Cattle and other livestock graze near the banks of the creeks, and their manure can easily contaminate the water with millions of E. coli organisms. “In some areas, grazing has resulted in manure lining the banks of channels of tributaries to the Salinas River,” a June report by the Central Coast water board stated.
How much of the region’s water contamination comes from cattle is unknown. “What is certain is that livestock are a source of E. coli, including E. coli O157:H7,” in several creeks that flow into the Salinas River, the board’s report concluded. It also found that “the most frequent occurrence of E. coli O157:H7 occurs at sites flanking areas used for grazing purposes.”
Complicating matters, urban areas are sources as well. Runoff flowing from streets in Monterey County also carries E. coli, largely from dogs, cats and other domestic or wild animals. In Salinas, storm water, measured in June, contained 14,550 E. coli organisms per milliliter, 36 times the EPA standard.
Water used for drinking supplies and irrigation is not threatened by the bacteria because it is drawn from deep wells, more than 100 feet below the surface, and bacteria is readily filtered by the region’s clay soil.
Consequently, Rose said the groundwater that Salinas Valley growers use to irrigate fields is probably not to blame for the outbreak. Owners of irrigation wells and private wells do not have to test for bacteria or comply with the EPA’s drinking water standards, but large Salinas Valley growers test their wells anyway, at the request of grocery chains concerned about food safety, he said.
“These outbreaks make it appear that the produce was contaminated before harvest. It’s a strong suspicion by everyone. So some of the things the investigators will look for is whether certain fields flooded and the quality of the irrigation water used, the location of farms near where animals may be grazing, and whether any wildlife may frequent certain farms,” said Robert Mandrell, leader of the produce-safety and microbiology unit at the USDA’s Agricultural Research Service in Albany, Calif.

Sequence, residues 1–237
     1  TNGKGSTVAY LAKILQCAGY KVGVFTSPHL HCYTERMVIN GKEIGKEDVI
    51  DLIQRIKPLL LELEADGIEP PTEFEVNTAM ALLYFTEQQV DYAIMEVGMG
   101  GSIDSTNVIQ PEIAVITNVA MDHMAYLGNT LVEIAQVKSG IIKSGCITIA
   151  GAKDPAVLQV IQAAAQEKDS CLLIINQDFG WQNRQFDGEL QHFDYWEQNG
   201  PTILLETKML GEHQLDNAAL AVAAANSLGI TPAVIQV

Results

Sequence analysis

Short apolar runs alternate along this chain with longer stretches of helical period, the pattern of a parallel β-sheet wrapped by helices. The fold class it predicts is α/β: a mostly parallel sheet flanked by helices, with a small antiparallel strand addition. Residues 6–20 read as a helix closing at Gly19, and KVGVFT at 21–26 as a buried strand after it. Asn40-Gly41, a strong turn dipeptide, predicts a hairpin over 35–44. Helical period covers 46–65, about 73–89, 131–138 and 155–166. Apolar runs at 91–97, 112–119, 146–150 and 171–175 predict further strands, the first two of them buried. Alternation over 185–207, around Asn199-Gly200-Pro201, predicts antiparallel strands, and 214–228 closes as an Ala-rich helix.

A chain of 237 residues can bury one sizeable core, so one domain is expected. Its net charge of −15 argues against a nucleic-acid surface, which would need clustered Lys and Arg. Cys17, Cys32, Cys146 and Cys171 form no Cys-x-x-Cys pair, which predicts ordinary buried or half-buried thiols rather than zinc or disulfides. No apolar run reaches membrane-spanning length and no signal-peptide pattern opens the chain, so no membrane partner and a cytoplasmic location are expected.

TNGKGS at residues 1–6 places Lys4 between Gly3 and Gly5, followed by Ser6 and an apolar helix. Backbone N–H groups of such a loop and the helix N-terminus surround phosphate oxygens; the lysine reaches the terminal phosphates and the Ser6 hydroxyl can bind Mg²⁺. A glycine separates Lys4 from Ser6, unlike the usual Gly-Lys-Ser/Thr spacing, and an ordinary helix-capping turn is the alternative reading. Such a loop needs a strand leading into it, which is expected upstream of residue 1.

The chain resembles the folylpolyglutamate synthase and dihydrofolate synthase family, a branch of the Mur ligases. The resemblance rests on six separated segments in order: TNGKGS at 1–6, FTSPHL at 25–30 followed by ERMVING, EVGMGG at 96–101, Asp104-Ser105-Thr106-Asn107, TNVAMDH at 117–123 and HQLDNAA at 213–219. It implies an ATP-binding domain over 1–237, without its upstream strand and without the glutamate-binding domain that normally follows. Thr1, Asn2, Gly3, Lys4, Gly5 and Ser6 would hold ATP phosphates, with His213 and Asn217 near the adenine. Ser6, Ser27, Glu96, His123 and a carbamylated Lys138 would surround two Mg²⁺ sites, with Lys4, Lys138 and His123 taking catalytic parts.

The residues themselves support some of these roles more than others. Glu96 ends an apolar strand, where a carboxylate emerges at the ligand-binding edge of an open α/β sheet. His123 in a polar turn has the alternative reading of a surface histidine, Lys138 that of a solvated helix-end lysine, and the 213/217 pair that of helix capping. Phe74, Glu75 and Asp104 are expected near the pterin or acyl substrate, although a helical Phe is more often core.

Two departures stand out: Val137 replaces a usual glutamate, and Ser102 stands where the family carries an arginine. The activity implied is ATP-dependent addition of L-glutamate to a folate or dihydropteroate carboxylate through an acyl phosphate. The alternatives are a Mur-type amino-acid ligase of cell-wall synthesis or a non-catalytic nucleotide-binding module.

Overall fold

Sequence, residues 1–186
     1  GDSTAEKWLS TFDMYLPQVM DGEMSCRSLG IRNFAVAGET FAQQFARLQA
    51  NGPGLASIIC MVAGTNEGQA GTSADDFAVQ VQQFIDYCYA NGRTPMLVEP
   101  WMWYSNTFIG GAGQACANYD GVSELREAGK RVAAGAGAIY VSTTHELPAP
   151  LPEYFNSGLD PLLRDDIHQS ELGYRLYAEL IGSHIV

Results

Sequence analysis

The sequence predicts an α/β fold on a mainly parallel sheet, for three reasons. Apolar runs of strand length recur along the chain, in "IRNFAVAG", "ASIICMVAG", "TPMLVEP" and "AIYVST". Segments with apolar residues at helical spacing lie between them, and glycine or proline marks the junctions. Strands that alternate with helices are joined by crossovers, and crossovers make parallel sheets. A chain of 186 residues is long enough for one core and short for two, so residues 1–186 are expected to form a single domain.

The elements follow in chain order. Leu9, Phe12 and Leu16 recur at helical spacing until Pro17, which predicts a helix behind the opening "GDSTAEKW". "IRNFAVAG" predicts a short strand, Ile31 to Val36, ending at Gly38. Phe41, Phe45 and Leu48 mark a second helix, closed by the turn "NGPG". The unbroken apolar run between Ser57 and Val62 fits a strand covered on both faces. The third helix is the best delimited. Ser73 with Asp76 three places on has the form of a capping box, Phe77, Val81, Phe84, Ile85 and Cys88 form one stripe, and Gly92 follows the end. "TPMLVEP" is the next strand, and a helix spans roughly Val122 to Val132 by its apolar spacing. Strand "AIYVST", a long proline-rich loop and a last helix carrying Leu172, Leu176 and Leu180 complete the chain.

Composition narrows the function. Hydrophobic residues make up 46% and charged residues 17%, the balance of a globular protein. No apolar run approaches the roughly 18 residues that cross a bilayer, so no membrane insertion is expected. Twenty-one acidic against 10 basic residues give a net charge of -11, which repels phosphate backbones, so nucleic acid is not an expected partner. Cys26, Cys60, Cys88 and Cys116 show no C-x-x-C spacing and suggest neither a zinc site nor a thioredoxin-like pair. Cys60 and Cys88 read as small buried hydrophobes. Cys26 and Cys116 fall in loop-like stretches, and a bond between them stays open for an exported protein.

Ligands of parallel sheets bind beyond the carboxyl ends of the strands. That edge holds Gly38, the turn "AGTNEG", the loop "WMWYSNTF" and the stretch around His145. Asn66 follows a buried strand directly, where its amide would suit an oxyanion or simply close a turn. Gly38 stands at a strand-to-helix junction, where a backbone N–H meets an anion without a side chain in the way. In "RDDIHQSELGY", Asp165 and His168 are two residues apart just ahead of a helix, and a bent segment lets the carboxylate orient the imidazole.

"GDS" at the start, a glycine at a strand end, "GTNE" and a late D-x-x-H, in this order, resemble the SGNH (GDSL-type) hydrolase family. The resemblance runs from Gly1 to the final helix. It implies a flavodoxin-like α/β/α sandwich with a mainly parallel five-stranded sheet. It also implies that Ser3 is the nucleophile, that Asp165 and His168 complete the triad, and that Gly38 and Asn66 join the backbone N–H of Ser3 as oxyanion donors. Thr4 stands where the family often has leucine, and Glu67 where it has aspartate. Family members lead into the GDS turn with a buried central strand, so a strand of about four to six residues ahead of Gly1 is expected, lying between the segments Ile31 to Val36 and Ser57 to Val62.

State agricultural leaders say that if livestock are contaminating leafy green crops, they will work together because their aim is the same: Ensuring the safety of food produced in California, which has been the nation’s leading supplier for over half a century.
Statewide, several hundred ranchers have already installed fencing to keep grazing cattle away from waterways in a program begun a decade ago, said Matt Byrne, executive vice president of the California Cattlemen’s Assn.
“Truly we all have the same incentive to preserve the land and the water that is so critical to us in providing a safe food supply to people around the world,” Byrne said.
Other than water, another likely source of the tainted spinach is wild animals, particularly birds. Experts say migrating birds, which digest the bacteria in manure and then fly over the spinach fields leaving droppings, could be responsible for poisoning hundreds of people.
Rose completed this year’s water testing on Wednesday and now U.S. Department of Agriculture microbiologists are analyzing the data for clues to the origin of the outbreak -- which will take weeks.
“From my experience working with pathogen-related issues, it is seldom the case where you can find ‘the source.’ The sources are multiple. There are so many carriers of O157:H7 as well as generic E. coli that it’s hard to pin down,” Rose said.
Tracking the origin of this specific pathogen is difficult for several reasons. Water tests can only detect the presence of the bacteria, not its concentration. In addition, it can easily move around and disappear. Ingesting just a few organisms can make a person sick.
“You may find it in a sample, and then 30 seconds later you may not find it in a second sample from the exact same site,” Mandrell said.
The Clean Water Act requires all U.S. waterways to comply with bacteria standards. In addition, California has a “zero discharge” rule for livestock operations -- no runoff is allowed.
Both mandates, however, are difficult to enforce.
The water board is now developing new limits, called Total Maximum Daily Loads, in an effort to bring the Salinas River watershed into compliance with the federal law. That could mean costly new controls on the livestock industry as well as cities responsible for cleaning up runoff.
“Given the fact that we have elevated concentrations in this area, and given the fact that we now have this outbreak, it seems apparent we need more regulation” to clean up the region’s waterways, Rose said.